We sit on the edge of the wharf, the paving stones cold, the coffee shops closed. I gaze behind us at rows of seaside apartments, the drab dollhouse facade a collage of browns and greys. The aroma of cooked shellfish has more than a hint of garlic and parsley – along with Bob’s Camel cigarettes – while white gulls cry from secret ledges and gutters. My friend likes it here, the quiet giving him time to think.
Bob would be a tall man, his slender frame bent when walking, head down with the weight of an unfair world, a tweed sports coat that hangs from sharp shoulders and stinks of stale cigarette smoke. He has an unruly mop of grey hair and the smoker’s wheeze of an old-time journalist, the wrenching cough and the weary grey face of long boozy lunches and late-night deadlines. We don’t catch up that often, but he looks worse each time I see him.
“Yeah, there’s lots of stuff I’d like to do. Stuff I need to say, that needs saying.” Bob gazes across at the yachts, floating on glass, the mirror reflections unbroken. “But I need to bloody-well get on with it, I know.” His eyes narrow and his gaze drifts back to me. “Funny, how things have just caught up to me I reckon. One minute I’m a young journalist with a world of injustice that needs to be outed. Then suddenly… ” He looks down at his feet. There’s another round of coughs wracking Bob’s emaciated frame as he shakes, attempting to light up another smoke. I frown and my friend shakes his head knowingly, his untidy grey fringe falling across one eye.
Bob has two marriages behind him, and two families, in Coventry and Shepherds Bush… one all grownup, and one not. He smiles a wan, worn-out smile. “To be honest mate, I leave loose ends everywhere, don’t know how the hell they put up with me.” I give a sympathetic nod, but from where I’m sitting, it seems they did not.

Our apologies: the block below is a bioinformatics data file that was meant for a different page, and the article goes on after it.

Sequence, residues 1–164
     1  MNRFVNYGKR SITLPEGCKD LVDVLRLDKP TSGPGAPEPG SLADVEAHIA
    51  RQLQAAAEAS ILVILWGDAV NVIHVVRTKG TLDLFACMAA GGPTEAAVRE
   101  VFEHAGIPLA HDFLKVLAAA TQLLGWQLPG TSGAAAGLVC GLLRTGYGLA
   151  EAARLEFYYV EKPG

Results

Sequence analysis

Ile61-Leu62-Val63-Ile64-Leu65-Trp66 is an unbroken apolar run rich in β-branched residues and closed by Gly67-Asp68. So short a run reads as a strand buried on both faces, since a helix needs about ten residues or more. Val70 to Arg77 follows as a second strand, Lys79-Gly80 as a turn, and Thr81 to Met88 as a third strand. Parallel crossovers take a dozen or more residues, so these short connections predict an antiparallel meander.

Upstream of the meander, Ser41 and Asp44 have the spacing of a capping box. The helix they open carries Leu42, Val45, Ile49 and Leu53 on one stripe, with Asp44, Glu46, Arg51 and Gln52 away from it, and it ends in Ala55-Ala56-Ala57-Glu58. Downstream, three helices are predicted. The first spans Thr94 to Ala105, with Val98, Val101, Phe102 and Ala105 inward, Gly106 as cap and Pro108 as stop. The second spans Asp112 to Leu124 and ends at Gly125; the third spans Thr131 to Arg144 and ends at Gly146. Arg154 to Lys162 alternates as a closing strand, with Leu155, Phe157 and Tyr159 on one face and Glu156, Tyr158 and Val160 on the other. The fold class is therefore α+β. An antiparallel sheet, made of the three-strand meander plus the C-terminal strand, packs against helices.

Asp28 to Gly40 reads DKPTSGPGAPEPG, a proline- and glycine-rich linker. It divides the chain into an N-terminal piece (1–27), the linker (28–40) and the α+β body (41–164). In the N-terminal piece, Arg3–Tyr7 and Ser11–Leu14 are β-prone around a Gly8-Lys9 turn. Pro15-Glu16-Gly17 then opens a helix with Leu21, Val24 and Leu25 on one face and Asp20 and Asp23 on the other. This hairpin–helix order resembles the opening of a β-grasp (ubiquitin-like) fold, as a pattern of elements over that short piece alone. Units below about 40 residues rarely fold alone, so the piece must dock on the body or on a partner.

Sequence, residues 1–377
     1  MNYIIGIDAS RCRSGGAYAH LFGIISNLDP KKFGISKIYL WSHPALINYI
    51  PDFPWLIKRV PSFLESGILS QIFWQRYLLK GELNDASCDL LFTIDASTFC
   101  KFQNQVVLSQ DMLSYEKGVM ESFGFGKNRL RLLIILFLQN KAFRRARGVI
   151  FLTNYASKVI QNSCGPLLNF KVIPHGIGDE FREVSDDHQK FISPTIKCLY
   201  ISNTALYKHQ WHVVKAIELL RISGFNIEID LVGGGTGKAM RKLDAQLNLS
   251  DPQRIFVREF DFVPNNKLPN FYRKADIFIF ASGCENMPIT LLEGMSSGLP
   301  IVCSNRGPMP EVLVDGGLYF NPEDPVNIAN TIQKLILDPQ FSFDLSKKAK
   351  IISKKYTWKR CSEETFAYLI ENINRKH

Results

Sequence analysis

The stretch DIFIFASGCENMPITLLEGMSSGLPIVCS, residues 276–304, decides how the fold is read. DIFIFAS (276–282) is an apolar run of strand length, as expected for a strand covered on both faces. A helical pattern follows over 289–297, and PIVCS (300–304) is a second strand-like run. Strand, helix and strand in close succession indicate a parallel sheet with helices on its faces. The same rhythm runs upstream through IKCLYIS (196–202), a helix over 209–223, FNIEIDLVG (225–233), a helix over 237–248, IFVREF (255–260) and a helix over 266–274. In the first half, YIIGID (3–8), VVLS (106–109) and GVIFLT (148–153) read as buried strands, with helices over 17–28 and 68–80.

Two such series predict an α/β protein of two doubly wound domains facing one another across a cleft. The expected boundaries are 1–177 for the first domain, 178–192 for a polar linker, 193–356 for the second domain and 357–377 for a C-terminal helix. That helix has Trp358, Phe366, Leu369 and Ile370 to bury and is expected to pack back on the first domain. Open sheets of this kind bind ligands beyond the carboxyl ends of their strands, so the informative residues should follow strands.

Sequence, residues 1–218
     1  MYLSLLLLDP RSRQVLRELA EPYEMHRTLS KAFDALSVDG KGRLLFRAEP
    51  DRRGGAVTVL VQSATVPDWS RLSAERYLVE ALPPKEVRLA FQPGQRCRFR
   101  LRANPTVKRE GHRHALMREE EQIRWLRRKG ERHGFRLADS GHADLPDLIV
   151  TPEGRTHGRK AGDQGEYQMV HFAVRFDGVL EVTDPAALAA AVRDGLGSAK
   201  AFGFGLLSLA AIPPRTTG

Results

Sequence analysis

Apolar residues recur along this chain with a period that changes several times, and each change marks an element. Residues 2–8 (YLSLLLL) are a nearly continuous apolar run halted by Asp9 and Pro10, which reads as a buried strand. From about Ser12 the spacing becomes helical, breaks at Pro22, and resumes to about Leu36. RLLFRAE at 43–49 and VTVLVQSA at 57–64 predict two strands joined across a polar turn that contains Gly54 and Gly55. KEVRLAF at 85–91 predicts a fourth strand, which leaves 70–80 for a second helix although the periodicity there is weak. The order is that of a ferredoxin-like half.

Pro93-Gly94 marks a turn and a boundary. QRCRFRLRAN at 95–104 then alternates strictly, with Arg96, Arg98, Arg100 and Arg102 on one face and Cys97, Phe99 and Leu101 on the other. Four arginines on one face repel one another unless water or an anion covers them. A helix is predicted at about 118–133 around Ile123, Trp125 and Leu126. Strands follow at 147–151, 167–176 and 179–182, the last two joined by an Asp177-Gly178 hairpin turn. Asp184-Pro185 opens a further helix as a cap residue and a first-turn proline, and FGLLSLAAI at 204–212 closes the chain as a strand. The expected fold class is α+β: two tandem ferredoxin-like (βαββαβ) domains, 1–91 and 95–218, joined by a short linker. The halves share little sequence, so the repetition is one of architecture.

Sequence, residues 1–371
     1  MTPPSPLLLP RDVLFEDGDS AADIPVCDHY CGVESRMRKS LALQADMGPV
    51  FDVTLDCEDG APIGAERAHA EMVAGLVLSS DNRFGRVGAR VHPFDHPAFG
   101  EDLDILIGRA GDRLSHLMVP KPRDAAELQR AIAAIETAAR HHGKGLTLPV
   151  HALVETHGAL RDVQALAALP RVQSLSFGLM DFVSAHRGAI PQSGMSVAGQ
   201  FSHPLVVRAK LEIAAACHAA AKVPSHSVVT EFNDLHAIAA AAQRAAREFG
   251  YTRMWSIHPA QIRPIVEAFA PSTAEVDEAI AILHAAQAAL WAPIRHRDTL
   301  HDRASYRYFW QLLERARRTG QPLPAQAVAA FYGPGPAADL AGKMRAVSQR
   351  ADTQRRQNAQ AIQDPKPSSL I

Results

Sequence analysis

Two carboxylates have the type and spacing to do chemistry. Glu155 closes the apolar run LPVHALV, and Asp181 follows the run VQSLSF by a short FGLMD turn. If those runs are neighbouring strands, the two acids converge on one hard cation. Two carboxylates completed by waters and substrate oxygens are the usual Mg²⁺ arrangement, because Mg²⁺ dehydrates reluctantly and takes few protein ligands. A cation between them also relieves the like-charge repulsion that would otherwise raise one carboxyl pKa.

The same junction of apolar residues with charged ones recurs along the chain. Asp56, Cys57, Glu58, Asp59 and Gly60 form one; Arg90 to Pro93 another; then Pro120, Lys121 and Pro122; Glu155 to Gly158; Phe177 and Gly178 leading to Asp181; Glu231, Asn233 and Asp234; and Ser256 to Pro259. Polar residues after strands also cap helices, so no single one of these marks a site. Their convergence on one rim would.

These days Bob is very much on his own, living alone in France, his Brit newspaper totally ‘modernised’ with massive layoffs of experienced players like him. “They can’t even write these days”, he gasps with a sideways glance, “haha… in my humble opinion that is.” He pulls a small round tin from his pocket, twists off the lid and tucks in the latest cigarette butt. “And the editorial support, well, it’s just not there these days.”
I ask him what’s ahead, and he stares out across the harbour, the gaggle of boats still adrift, languid and lazy. Bob shrugs. “There’s a book in me I reckon. I’ve met some characters over the years.” There is a half-hearted laugh.
I smile to myself at the thought of a man who worked and played hard, often at the expense of those around him and to the detriment of himself; known for not sleeping and endless drinking, a complicated soul with a social bent and a fierce intent to report injustice, undeserved privilege and political shams, who in the early days was infamous for returning late to his dingy office cubicle and crawling under his desk to sleep off the ubiquitous long lunches, then working frantically to midnight. That was until the ulcer, Bob eventually throwing up in a corner that passed for an office kitchen, then collapsing and waking under his desk the next morning, his crumpled white shirt a mosaic of splattered blood and vomit.
These days though, Bob often mentions ‘time’, me prone to reminding him of his ‘book’, and the ticking clock. It is always the same. He’ll brush the hair from his eyes and tap the side of his head. “All up here mate”, he says, “and that’s the bloody hard bit done, for sure.” But Bob catches my drift. “Yeah, yeah… I know. I’m just about to get started.”
He exhales another cloud of smoke and coughs again, a ragtag family fishing boat spluttering, the ancient motor leaving a black burned-out stench, the French tricolour flaccid, hanging from a crooked post aft, the grimy wooden hull smeared with pink paint primer.
I’m not sure if we really need to know how much time we have.